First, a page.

SharePoint

Systems Planning

Climate Adaptation

Skip Navigation LinksHome » Departments » Systems Planning » Planning Areas » Sustainability » Climate Adaptation
 

​​Precipitation has increased 25% in the last 30 years in Ann Arbor and the frequency of extreme storm events has increased 43%.  Climate experts agree that climate change is already occurring and the impacts are likely to increase in the future. The City of Ann Arbor recognizes the serious threats that climate change poses to the local environment, economy, and livelihoods and is taking steps to prepare for these unavoidable climate changes.

Adaptation vs. Mitigation

  • Mitigation – Efforts to reduce sources of greenhouse gas emissions
  • Adaptation – Efforts to prepare for unavoidable climate change

Undertaking both adaptation and mitigation efforts will make Ann Arbor most resilient to climate changes. For example, building rain gardens and harvesting rainwater on-site is an adaptation technique that facilitates a reduction in flooding during storm events. This action also saves energy by reducing the need to pump water, which is a long-term mitigation technique. Ann Arbor's Climate Action Plan, adopted by City Council in December 2012, identifies both adaptation and mitigation strategies for the city.

 

​(Scroll down for more A2 climate impact videos)​

​What climate impacts are expected?

According to Great Lakes Integrated Sciences and Assessment (GLISA), Ann Arbor is expected to experience a variety of impacts to its current climate. Expected impacts include:

  • Warmer average temperatures
  • Warmer low and nighttime temperatures
  • Shorter winters
  • More total precipitation
  • More severe precipitation events
  • More extreme heat and drought
 

​What does this mean for Ann Arbor?

Ann Arbor must begin to plan for and adapt to the effects of climate changes both within the community and within municipal systems. The City must determine whether, and for how long, present asset management strategies will continue to be cost effective under different climate scenarios. This approach will help the City identify the largest threats to city systems and identify priority actions that will make community members and infrastructure systems more resilient to changes in climate.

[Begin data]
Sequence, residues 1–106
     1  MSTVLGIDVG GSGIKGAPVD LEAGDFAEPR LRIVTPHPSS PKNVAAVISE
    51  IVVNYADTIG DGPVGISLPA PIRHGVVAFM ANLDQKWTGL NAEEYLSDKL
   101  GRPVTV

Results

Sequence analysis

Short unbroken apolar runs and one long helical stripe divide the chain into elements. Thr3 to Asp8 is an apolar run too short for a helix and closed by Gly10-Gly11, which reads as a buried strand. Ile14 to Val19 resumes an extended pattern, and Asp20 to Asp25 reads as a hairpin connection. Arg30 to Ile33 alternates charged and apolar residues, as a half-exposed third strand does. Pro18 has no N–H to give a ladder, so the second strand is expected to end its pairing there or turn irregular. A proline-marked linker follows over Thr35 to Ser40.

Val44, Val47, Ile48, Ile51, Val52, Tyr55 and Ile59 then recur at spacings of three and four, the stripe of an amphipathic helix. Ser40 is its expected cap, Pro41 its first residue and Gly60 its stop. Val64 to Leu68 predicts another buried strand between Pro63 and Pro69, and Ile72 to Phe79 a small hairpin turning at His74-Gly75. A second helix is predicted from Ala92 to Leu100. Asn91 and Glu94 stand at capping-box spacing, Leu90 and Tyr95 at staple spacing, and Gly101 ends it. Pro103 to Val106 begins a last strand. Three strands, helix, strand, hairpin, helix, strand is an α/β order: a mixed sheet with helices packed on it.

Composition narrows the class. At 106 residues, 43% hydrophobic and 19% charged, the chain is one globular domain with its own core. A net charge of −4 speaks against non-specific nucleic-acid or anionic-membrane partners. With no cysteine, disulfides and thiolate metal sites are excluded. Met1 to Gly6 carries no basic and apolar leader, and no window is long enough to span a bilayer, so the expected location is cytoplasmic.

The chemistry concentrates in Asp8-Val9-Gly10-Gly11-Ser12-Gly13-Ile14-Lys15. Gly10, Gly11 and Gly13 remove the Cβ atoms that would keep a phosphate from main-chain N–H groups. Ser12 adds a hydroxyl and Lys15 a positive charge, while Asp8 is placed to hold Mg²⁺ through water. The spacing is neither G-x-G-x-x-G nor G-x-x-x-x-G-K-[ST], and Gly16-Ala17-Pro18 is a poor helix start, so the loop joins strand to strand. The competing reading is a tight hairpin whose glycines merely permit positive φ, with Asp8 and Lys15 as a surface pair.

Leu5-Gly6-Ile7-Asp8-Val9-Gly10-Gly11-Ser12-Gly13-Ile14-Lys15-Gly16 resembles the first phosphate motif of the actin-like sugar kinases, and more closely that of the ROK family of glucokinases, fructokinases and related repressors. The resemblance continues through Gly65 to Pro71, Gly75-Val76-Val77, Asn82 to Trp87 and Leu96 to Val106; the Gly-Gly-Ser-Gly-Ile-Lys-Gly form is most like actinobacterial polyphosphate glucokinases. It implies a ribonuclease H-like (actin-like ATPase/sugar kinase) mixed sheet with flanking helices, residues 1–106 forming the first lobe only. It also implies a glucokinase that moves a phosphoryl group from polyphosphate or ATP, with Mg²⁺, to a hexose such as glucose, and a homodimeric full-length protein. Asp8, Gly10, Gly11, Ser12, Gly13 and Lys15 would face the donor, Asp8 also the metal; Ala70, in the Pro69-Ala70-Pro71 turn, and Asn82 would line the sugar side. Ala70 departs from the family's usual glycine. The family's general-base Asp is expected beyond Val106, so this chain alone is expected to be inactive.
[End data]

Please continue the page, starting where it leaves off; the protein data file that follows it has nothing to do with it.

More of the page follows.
​What way cool projects are underway?

​Community Climate Partnership

The Ecology Center, the Huron River Watershed Council, the City of Ann Arbor, along with a growing list of other partners launched the Community Climate Partnership to implement Ann Arbor's Climate Action Plan. Note: The City of Ann Arbor's Climate Action Plan was made possible by a generous Pollution Prevention Grant from the Michigan Department of Environmental Quality.

 

Urban and Community Forestry Management Plan

The current urban and community forestry management plan underdevelopment will help increase the quality and size of the urban and community forest, which is an adaptive strategy to improve water quality and limit flooding by mitigating stormwater runoff

 

Sustainability Framework

The City's sustainability framework, which is an element of the City Master Plan​, sets goals that address sustainable energy, energy conservation, sustainable buildings, safe community, transportation options, and sustainable systems

Green Streets Policy

Ann Arbor City Council recently adopted a Green Streets Policy that sets stormwater infiltration standards for public streets

Green Roof on City Hall

Approximately 10,000 square feet of vegetation on the roof of City Hall helps capture over 6,000 gallons of rainwater per storm event. 

Matthew Naud
Environmental Coordinator
734.794.​6430 x43712
mnaud@a2gov.org